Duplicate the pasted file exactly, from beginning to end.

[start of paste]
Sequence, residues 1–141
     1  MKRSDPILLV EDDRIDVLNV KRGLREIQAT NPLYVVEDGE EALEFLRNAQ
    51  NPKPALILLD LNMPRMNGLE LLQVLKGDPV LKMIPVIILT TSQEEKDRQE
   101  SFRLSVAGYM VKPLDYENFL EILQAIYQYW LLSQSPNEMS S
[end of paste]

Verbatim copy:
Sequence, residues 1–141
     1  MKRSDPILLV EDDRIDVLNV KRGLREIQAT NPLYVVEDGE EALEFLRNAQ
    51  NPKPALILLD LNMPRMNGLE LLQVLKGDPV LKMIPVIILT TSQEEKDRQE
   101  SFRLSVAGYM VKPLDYENFL EILQAIYQYW LLSQSPNEMS S